Crystal Lake and Barrington Auto Repair

Can you tell when shocks, struts need replacement?

Q. My Impala has about 88,000 miles on it and it is not riding as well as it used to. I have noticed this lately, especially with how bad all these roads are right now. I was told I might need new shocks and struts to correct this problem. It seems like I don't have enough mileage to need such a major repair already. What do you think?

A. Your car is right in the sweet spot for needing shocks and struts. In fact, most suspension manufacturers indicate that at 50,000 miles the performance of the shocks and struts is starting to degrade. This is not true for every car and every driver but it is possible they could need replacement that early.

It's fairly easy to determine whether or not you need to replace the shocks and struts. Remember the job of the shock and or strut is to keep the tire in contact with the road and to control the bounce. There are seven handling characteristics that when present are a pretty good indicator.

1. Body roll. You would notice excessive leaning when making a lane change. In severe cases it could cause a loss of control.

2. Traction loss. This condition would show up on a firm acceleration where the drive wheels might come off the ground and cause a skipping sensation.

3. Harshness or buckboard ride. This is what I think you were describing in your question -- the car just doesn't ride good anymore. It's either kind of bouncy or just plain harsh.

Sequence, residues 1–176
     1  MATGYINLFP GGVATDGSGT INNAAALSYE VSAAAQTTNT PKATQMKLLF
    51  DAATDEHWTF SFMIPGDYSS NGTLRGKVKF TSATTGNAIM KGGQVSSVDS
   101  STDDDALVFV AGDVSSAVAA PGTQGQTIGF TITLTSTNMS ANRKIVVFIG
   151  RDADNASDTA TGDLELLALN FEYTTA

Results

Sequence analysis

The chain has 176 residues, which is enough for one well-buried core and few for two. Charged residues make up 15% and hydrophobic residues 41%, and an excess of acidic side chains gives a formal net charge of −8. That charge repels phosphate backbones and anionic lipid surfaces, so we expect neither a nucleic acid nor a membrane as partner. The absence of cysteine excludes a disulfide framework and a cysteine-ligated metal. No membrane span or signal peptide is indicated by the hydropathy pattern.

4. Nose dive. You will notice this on stopping. The nose of the car just dives to the pavement when braking, totally upsetting the balance of the vehicle, which is actually increasing your stopping distance by 20 feet or more, depending on how fast you are going and how worn out the suspension is.

5. Bottom out. If you have been driving on our winter-ravaged roads, you may have experienced this one all ready this spring. The suspension can actually reach the limit of its travel and cause a harsh bottoming feeling.

6. Acceleration squat. This would be noticed again on accelerating and cause the back of the car to squat down again, upsetting the balance of the car and causing potential control issues.

7. Tire cupping. This is where you actually start to see a really bad choppy wear pattern on your tires. Generally once this starts it's hard to reverse and it causes the tires to wear out faster. They can also create quite a bit of road noise. You would definitely want to think about changing the shocks and struts on a high-mileage car before putting a nice, new expensive set of tires on.

While replacing the shocks and struts can be a little jolt to the checkbook, it is one of the most noticeable maintenance services you can do to your car. In most cases you will notice the difference the minute you sit down and drive away!




Shocks , Struts
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